Again, long story, longer.

The Dept of Ag rejected the plan. Not entirely mind ya, but they told us we’d have to have a four chambered sink with hot and cold running water, under pressure. There simply wasn’t enough room on the back of our truck to put all of that and still be able to pop popcorn. And because our plan was to put it all on the truck, it was considered a Mobile Food Unit, which did actually require all that stuff.

I read the codes, over and over again. Our concept was a brand new idea, and bureaucrats hate things that don’t fit into their little check boxes; instead, they usually kibosh them, or mix n match the codebook to make up new regulations to discourage you from doing it.

We were stuck and at this point, it was April or May, not long before the opening of the farmers market where we planned to debut Payshee’s Popcorn. I still had to build whatever was gonna go on the back of the truck. It looked as if our plan was dead in the water. Then my boss, Molly, the Executive Director of the farmers market, suggested we do it under the Minnesota Cottage Food Law—something I (as manager of the market) should have already thought of. I was so shoulders deep into the idea I couldn’t think straight. Thankfully, other people could.

Under that law, which most states have—though I’m sure they vary greatly—we could pop the corn at home, pre-bag it, and sell it without a license, as long as we followed safe food handling guidelines and all that. 

We quickly decided that to be in business was more important than how we were in business. At least we’d be starting and selling some popcorn.

So we did it! Within a day, Payshee had her Cottage Food certificate from the state, we got some insurance from the Minnesota Farmers market association, and we were off!

For the last three years, we’ve been popping and selling corn under the Cottage Food Law. But our goal has always been to pop it live at events. The scent of pop corn and the sound of it, are big draws for sales. But we couldn’t do that under the Cottage Food Law. 

What we learned doing it that way, however, is that our machine, even though it is more than twice as large as most home units, would never keep up with demand at a live event. It simply cannot pop enough corn, fast enough.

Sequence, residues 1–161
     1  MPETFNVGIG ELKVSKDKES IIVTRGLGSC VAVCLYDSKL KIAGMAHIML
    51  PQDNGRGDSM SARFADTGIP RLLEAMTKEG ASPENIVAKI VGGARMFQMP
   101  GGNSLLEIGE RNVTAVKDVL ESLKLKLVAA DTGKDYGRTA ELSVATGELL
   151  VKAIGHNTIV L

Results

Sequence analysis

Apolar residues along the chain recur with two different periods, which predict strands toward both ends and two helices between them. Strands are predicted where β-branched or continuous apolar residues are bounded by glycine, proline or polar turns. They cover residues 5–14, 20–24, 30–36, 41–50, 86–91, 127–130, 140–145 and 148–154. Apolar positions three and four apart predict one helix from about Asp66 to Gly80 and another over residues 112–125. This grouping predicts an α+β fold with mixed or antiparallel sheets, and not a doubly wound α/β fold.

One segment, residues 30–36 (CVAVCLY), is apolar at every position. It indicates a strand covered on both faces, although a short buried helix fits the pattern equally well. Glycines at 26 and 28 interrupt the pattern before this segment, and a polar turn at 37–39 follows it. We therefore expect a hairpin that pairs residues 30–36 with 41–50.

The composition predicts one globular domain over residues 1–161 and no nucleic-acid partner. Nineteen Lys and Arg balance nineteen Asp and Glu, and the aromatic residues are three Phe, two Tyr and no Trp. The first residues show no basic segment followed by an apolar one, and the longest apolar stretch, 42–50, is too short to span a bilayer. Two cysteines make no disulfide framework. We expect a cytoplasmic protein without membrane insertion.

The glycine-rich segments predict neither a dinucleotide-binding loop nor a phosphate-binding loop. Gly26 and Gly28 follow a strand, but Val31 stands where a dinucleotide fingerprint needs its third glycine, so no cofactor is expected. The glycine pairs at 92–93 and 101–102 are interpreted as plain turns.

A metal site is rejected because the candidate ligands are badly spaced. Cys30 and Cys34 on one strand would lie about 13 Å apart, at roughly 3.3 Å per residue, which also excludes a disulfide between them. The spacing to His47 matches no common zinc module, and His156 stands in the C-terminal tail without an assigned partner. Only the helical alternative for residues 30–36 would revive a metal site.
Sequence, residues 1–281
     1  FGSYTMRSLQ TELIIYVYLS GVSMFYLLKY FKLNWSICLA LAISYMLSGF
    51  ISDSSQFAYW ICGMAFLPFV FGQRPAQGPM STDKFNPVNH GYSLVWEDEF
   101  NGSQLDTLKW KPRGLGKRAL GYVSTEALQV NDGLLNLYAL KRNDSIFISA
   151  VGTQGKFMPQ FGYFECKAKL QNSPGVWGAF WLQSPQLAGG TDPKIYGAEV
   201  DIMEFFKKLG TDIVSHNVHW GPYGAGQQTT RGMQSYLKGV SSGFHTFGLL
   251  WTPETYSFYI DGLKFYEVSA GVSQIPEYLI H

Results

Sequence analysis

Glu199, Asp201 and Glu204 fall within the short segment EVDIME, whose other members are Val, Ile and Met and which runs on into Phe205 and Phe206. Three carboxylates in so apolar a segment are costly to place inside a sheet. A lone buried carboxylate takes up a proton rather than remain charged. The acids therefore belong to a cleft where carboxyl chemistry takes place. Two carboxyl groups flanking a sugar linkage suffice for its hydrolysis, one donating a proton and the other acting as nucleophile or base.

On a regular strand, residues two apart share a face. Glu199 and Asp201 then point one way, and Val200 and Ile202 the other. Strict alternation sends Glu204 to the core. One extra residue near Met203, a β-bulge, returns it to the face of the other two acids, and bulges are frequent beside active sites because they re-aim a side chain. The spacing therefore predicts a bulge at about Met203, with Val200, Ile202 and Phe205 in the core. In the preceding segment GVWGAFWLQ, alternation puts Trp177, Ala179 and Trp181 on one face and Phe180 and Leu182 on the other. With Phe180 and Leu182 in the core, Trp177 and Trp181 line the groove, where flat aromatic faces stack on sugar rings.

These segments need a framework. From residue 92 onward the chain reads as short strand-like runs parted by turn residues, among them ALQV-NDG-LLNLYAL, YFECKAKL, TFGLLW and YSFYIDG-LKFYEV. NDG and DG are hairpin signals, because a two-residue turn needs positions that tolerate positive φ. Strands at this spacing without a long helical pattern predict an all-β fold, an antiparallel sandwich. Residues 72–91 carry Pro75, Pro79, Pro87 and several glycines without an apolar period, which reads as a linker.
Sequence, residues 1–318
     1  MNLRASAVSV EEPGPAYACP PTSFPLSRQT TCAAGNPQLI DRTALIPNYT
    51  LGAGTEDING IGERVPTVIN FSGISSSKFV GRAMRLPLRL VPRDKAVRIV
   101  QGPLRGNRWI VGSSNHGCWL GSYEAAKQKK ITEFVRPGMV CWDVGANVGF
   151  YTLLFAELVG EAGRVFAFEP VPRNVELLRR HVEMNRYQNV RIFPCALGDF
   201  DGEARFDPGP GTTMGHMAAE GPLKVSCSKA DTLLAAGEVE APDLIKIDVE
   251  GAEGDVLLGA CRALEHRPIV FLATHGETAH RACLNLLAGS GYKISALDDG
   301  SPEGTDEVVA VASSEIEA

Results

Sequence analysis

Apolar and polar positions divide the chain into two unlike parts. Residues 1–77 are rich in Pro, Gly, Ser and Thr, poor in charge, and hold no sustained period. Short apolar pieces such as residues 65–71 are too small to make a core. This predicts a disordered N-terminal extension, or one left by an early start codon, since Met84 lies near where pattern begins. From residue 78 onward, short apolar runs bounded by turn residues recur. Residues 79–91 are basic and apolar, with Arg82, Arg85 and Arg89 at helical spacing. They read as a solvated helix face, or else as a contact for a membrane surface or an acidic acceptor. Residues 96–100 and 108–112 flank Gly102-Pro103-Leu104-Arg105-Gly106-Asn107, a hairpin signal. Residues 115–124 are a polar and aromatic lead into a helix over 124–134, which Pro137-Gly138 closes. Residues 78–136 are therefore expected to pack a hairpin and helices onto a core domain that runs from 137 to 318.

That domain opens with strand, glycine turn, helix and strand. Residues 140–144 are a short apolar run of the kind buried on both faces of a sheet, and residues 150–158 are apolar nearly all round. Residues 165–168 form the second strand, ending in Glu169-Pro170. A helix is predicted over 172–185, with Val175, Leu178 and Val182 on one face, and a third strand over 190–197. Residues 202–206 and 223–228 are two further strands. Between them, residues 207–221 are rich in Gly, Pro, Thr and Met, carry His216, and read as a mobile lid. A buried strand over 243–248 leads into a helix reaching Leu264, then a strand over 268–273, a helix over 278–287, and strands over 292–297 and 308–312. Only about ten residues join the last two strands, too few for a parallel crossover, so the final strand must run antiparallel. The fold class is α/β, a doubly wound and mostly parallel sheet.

I know this because I kept very detailed records of each popping, exactly how much our machine and process can produce, on average: 1 bag every 3 minutes; that’s 20 bags/hour. And that’s if two or three people are working it. At the farmers market, Payshee would be alone most of the time, since I was the manager of the market. 

At best, she might actually produce 10 bags/hour, and that would be difficult if she were also taking money, giving out samples, etc. The market is only open for 4 hours, so that would have been only 40 potential sales, max. Certainly not enough to retire on.

Under the cottage food law, we could make as much as we had time to make, ahead of time at home, sometimes upwards of 100, and then just take money at the market, hand over fist as she handed them out.

The most we ever sold at the farmers market was probably about 70. We’ve sold more at our local brewery: as much as 119 bags, but most of the time it was more like 40-50. We sold them at $5-6 bag, for just under a gallon of popcorn.

In the end, the Dept of Ag actually did us a massive favor by throwing a road-block at our plan. If they had approved the original design, we would have built a ‘cart/truck’ that would have failed to produce enough popcorn to be profitable! So, thank you, Dept of Ag for being a pain in our ass. 

This became apparent during our first year of operation, I would say within a month or so, I knew the original plan was defunct and not a good idea. So I went looking for a machine that would produce a sheeep-ton of popcorn in a short period of time. I looked to the only ones I thought might do the job: kettle corn rigs. You know, the huge witch kettles you see at the state fair. 

And that’s when I found the Master of Kettle Corn, the Man on the Silver Mountain: Greg Sweet, and his amazing family.

But that’s a story for another day…